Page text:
“Yes. I will have just finished having an aneurism the bar before,” Doyle said evenly.

b. During a frenetic passage, Austin caught Aurelien improvising a series of up bows. “That was the most amazing bowing I’ve ever seen,” Austin declared.

“I got lost,” Aurelien replied weakly.

c. Austin and Doyle worked to tune a long, gnarly passage of sixteenth notes. “It’s the
A-flat that’s really out,” Russell said.

They played it again. My ear caught a few more pitch disagreements.

“Well, the A-flat is better,” Russ deadpanned.
“Die in a fire!” Austin cried.

d. During Austin and Doyle’s nastiest passagework, the second violin is given a rather sexy cabaret-style solo. As his colleagues toiled in unison, Aurelien punched the melody out with a burnished sound, lots of panache, and not a care in the world.

“I hate you so much,” Austin said afterwards.

So you can see why I spent a good portion of the rehearsal trying not to laugh. Mathias Tacke, longtime second violinist of the Vermeer Quartet, once told me what he thinks the secret of long-term quartet success is: “If you can still laugh together, you’re okay.” And if you’re going to get relentlessly criticized by your colleagues, you might as well laugh while it’s happening.

Spektral at the Empty Bottle

Photo by Lori Fahrenholz, Fahrenholz Photography

2. They’ve developed a shorthand that lets them rehearse quickly and efficiently.

When deciding how to proceed with a difficult section, it’s almost as if they’re selecting from options on a menu–a menu that, obviously, has been developed over years of intensive work together. “How about mezzo piano and slow?” Everyone nods and the work begins. Done.

When talking about balance, there’s a default option. “Can we make sure it’s most, middle, less?” Doyle asked, pointing around the quartet to demonstrate the desire for more cello and less violin. Done.

When tuning, there’s a clear sense that they’re been through certain issues before and are simply revisiting them. “That’s just higher than we like putting that C,” Austin told Russell as they tuned a scale. As in any good marriage, no one is necessarily wrong, but there’s an understanding of each individual’s flaws and tendencies.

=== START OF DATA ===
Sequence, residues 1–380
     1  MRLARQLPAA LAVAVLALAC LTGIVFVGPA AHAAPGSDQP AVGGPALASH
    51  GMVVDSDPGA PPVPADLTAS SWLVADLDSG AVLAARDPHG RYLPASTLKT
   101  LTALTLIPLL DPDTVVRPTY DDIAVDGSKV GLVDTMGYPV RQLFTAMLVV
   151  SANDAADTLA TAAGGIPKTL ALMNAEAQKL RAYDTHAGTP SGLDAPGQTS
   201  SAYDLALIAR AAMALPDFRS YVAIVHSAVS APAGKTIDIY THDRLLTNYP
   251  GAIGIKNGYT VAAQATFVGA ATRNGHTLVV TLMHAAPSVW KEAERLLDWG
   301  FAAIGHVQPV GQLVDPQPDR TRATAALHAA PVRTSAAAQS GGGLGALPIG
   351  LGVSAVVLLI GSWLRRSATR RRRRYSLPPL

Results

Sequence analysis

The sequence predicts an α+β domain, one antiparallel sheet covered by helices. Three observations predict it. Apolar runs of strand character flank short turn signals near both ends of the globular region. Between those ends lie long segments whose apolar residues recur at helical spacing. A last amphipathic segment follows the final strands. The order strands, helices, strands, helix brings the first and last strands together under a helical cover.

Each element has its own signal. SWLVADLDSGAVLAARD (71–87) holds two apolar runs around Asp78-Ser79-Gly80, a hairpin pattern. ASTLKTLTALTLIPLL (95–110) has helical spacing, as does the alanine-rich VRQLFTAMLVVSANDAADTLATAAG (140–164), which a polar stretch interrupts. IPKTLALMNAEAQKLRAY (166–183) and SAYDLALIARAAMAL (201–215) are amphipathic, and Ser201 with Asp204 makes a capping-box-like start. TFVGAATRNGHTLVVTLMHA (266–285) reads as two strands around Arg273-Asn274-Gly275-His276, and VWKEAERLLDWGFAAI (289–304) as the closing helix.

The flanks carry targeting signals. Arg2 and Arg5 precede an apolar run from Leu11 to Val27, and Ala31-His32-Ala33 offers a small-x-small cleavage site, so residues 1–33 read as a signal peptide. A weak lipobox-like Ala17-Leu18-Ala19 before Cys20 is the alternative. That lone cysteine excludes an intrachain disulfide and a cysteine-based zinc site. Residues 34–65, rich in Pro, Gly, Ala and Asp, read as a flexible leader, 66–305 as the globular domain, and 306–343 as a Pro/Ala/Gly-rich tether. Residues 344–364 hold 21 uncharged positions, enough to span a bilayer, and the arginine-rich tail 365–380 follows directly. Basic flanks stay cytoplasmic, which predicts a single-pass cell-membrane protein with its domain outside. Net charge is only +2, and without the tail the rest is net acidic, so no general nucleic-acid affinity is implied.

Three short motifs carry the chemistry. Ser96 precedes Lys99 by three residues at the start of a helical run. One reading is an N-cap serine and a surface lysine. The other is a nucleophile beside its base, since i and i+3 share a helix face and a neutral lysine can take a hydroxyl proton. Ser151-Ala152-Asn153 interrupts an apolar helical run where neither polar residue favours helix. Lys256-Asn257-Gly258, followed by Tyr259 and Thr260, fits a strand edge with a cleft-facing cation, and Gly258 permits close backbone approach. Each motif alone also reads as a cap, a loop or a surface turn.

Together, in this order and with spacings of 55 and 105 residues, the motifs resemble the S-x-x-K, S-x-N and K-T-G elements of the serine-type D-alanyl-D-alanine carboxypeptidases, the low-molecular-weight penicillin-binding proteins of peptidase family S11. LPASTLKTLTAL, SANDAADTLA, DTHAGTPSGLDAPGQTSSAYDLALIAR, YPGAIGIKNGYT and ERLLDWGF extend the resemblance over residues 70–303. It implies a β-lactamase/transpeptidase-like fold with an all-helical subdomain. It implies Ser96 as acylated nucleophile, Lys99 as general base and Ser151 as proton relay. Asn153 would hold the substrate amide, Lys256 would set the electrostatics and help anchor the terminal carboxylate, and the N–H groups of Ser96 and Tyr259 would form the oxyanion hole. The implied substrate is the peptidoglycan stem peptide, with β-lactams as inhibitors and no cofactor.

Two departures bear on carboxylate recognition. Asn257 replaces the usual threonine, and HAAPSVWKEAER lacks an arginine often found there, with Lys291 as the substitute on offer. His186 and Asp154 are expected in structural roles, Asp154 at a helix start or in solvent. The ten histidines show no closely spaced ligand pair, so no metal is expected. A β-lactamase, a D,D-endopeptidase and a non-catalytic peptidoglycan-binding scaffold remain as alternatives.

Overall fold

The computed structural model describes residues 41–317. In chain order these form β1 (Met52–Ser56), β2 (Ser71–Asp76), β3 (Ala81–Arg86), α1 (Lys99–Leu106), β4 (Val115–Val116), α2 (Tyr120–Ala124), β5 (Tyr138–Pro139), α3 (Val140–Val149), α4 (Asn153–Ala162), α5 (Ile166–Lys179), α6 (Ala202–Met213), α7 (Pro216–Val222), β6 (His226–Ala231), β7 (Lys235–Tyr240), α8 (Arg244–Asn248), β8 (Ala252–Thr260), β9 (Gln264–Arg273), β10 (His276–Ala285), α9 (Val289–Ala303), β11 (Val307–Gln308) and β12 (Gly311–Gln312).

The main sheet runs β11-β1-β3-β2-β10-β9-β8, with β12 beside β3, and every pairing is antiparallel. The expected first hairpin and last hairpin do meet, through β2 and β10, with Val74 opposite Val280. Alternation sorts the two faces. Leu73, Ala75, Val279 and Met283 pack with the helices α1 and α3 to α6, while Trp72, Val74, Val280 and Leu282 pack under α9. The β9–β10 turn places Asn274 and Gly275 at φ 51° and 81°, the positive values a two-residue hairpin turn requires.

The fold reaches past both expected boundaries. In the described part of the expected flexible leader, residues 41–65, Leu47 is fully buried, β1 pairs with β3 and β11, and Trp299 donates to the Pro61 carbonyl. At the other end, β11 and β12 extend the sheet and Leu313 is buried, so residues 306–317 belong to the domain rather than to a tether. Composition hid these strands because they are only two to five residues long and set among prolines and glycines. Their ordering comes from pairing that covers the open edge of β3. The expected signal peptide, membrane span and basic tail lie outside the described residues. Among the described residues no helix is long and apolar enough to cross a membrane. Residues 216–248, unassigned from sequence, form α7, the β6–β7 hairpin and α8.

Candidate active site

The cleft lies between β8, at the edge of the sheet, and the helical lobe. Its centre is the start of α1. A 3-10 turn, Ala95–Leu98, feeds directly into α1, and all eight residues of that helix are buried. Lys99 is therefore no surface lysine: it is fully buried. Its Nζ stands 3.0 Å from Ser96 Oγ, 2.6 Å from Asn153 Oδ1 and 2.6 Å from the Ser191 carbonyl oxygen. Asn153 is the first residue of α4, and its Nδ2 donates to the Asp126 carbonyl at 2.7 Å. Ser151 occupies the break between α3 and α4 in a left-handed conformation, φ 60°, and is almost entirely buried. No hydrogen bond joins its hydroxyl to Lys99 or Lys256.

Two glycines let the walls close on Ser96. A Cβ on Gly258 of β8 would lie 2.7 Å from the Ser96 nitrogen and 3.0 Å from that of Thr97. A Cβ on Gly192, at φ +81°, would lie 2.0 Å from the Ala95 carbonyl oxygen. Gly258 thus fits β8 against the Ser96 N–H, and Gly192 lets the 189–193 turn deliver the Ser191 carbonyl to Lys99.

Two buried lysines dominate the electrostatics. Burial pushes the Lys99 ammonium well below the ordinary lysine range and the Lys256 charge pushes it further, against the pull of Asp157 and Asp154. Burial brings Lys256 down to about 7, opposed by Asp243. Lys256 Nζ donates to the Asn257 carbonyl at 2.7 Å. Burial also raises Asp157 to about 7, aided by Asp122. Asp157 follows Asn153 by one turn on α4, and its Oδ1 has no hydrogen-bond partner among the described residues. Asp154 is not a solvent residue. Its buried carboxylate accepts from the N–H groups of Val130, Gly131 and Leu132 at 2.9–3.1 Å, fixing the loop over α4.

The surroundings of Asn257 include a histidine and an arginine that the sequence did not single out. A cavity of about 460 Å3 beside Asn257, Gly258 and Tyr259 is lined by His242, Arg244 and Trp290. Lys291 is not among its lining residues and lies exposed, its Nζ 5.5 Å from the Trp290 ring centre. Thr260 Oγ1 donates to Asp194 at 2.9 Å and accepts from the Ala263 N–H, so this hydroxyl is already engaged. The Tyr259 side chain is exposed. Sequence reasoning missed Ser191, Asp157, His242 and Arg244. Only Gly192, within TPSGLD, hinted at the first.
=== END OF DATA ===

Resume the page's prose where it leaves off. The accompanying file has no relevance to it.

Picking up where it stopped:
3. They often criticize themselves first.

As the group began to rehearse an important crescendo, Russell waved his hand and stopped the music. “I started too loud.”

Aurelien frequently checked in with his colleagues, asking: “Was I rushing? Was that on time?” Whatever their answer, he accepted it readily and without defensiveness.

I was impressed with the way the way they communicated accountability, and respect for each other, by constantly “checking themselves” before criticizing each other.

4. They balance between short-term problem-solving and long-term musical development.

For every group in a long term musical relationship, there are multiple senses of time. There’s right now (How quickly can we solve this problem? Also, I’m hungry), there’s lately (Billy’s been busy lately, so he’s a bit less prepared. Is it me or is she playing that slower today?), and there’s long term (How is our group sound evolving? What are the ongoing issues we need to address?).

For the Spektrals, I thought this was most clearly evident when they decided to stop working on something. After drilling a rhythm for ten minutes, Austin might say, “We’ll keep working on it.” There was a collective understanding that through time, individual practice, and continued work, the passage would get better–and that everything didn’t have to be fixed immediately.

Spektral Quartet

Photo by Omar Robles, Paume Studio

5. The truth is, there are no rehearsal secrets–they just work really hard.

“You guys rehearse at an intense pace,” I said during a break.

“Yeah,” Austin agreed. “By the time we’re done, pretty much all we can say is ‘sandwich’.”

And that’s the truth I walked away with as I left the lions in their den, taking a brief break before they hunkered down with James Dillon’s the soadie waste. There’s only one way to achieve the ease, efficiency, and enjoyment that the Spektral Quartet has developed: by working extremely hard, together, day after day, year after year. It’s a truth I know in my own work, and it’ll be my pleasure to watch the Spektrals continue to share the benefits of that work with us in Chicago.